Memorial Ceremony remarks from the Battle of COP Keating
9 October 2009 at FOB Bostick
Attempting to Memorialize a person during combat operations is a tenuous responsibilty to acknowledge the tragedy of our loss, the untimeliness of their death and the hope by which we will persevere back into the fight. The magnitude of loss suffered by the Black Knights of 3-61CAV during the Battle of COP Keating called for brevity and candor, because of the scope of the battle and the love which we have for our Fallen Heroes. My short homily was, at best, a brushing against the tip of the iceberg of grief, shock and confusion that my troopers endured during the weeks and months that followed. I, therefore, chose latitude in being directly spiritual in my remarks, because I know that the Comforter can do more than I can ask or imagine in their hearts, for healing.
I am convinced that there are few words which can assuage the shock and grief experienced by our squadron on the 3rd of October. As I listened to the narrative of the battle multiple times from those who inexplicably survived seemingly insurmountable odds, I saw that they not only fought off hundreds of insurgents, but also feelings of helplessness and fear. And it was in those moments of listening that I began to imagine exactly what the writer of the 23rd Psalm referred to as the “valley of the shadow of death”.
For the writer, as the canyon walls enclose him into a terrifying corridor through which he must walk, he focuses his mind and hardens his resolve that he is not doing so alone. The greatest consolation to him is the presence of God. It is not the intellectual knowledge of the existence of God that comforts the writer, but the fact that God would not allow his creation to navigate the pain of this world without Him. The presence of a God who would not subject humanity to undergo that which he did not himself experience. That same God who would submit himself to an agonizing execution, in order to remove the finality of death through resurrection. That is why his faith does not waver in the face of tremendous tragedy. C.S. Lewis was correct that where fear and pain exist, a little courage helps more than much knowledge, a little human sympathy more than much courage, and the presence of God more than anything.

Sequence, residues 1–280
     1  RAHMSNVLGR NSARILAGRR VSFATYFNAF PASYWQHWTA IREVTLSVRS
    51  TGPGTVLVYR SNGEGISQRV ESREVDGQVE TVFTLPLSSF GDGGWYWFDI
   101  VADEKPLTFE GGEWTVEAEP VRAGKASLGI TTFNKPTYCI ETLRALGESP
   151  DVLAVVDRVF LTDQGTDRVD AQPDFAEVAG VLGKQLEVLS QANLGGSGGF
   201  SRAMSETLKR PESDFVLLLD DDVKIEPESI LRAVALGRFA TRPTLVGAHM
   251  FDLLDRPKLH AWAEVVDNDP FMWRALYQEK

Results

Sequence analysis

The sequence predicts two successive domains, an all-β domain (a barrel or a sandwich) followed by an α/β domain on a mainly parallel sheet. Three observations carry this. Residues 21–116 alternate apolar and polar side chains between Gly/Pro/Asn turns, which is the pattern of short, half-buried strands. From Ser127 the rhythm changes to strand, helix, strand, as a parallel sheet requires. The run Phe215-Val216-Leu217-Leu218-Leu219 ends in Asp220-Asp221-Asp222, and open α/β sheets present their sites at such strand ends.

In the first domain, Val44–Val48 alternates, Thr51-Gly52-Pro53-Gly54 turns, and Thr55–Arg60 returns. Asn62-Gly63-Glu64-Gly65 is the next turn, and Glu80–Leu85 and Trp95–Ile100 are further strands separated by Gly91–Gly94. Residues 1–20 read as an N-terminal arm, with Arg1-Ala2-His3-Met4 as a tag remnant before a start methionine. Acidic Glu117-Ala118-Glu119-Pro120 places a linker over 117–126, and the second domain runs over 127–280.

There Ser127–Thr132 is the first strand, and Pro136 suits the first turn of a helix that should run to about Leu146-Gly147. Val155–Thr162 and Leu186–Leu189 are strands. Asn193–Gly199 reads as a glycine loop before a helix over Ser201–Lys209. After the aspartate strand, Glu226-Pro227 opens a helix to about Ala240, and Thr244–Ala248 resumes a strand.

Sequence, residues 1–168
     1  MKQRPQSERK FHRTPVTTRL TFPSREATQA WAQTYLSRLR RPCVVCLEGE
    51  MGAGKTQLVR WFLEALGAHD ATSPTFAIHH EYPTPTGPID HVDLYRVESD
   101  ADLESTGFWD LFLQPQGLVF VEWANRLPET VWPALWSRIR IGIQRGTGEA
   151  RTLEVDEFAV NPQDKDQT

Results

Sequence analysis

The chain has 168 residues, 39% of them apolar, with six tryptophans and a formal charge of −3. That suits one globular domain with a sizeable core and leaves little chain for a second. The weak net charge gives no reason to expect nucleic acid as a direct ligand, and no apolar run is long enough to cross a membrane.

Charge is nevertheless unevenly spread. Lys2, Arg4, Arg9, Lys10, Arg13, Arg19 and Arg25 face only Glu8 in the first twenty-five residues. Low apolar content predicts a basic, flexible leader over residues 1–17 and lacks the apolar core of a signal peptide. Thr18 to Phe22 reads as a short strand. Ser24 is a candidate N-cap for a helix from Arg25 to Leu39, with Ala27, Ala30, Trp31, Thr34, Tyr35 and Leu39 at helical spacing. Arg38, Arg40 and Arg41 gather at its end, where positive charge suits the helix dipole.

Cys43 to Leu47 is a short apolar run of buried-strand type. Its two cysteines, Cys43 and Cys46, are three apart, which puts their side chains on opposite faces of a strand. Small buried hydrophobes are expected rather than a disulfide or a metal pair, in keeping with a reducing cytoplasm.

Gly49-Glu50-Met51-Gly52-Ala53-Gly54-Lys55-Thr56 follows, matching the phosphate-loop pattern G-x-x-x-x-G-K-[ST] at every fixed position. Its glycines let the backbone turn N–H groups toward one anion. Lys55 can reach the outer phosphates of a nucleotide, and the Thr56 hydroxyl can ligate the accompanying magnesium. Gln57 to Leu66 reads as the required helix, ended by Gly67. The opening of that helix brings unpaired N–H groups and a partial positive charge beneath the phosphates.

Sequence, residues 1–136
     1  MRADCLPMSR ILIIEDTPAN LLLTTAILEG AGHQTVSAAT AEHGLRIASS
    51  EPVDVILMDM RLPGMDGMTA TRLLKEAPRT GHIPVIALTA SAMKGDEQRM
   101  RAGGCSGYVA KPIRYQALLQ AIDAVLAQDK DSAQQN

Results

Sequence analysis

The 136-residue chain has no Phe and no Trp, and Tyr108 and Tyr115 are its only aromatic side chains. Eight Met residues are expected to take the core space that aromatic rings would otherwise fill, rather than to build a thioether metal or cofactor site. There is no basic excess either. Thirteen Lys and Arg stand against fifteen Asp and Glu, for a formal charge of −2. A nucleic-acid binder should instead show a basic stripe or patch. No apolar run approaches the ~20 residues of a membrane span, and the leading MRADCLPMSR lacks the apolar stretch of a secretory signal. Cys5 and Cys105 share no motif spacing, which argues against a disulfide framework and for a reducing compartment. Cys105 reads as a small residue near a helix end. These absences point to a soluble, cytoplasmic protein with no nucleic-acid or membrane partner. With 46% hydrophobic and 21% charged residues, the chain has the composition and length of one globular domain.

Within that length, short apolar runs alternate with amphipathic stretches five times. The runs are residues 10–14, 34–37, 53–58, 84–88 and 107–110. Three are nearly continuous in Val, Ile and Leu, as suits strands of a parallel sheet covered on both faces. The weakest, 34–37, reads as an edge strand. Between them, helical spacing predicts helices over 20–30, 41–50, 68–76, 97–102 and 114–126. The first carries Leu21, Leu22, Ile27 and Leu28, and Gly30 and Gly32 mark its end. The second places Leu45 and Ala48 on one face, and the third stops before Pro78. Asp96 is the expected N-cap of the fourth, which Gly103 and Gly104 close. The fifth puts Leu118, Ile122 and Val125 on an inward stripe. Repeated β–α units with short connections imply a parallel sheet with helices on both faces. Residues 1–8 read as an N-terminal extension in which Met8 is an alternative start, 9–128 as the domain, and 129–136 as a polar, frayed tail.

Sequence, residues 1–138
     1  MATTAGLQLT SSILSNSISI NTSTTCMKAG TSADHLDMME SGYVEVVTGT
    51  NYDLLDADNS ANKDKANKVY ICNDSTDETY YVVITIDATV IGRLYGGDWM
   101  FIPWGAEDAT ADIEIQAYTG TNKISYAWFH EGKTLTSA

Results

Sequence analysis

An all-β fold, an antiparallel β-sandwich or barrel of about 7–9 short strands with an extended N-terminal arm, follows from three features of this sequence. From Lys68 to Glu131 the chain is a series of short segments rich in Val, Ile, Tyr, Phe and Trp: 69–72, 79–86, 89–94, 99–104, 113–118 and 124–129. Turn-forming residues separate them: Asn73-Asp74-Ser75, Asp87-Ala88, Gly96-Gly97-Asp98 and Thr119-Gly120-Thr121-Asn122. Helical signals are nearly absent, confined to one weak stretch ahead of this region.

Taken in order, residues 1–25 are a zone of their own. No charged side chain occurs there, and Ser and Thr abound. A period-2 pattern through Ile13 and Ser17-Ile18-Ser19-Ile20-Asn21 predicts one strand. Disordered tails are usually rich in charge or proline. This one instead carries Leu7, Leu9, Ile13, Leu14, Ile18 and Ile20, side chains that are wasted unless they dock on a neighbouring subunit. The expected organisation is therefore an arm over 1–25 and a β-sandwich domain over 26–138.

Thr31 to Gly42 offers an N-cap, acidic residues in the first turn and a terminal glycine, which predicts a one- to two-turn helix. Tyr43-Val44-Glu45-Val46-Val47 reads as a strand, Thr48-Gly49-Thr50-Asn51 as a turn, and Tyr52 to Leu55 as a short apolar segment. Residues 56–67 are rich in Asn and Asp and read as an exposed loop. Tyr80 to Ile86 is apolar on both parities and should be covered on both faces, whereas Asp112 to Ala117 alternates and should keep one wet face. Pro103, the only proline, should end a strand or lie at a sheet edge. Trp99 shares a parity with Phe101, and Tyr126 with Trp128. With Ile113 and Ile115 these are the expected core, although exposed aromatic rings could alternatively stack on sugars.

God desires that there be men of courage and valor who would stand up to face evil and oppression, because he knows that by heroism, men overcome pain and strengthen, harden and sharpen their characters till they become like tempered steel. We make the sacrifice of our brothers more expensive as we choose to not lose heart, as we remain convinced with unwavering conviction that in giving the last full measure they inspired us to press forward with audacity and confidence. Pain and adversity provide an opportunity for courage and heroism, and that opportunity is seized with surprising frequency.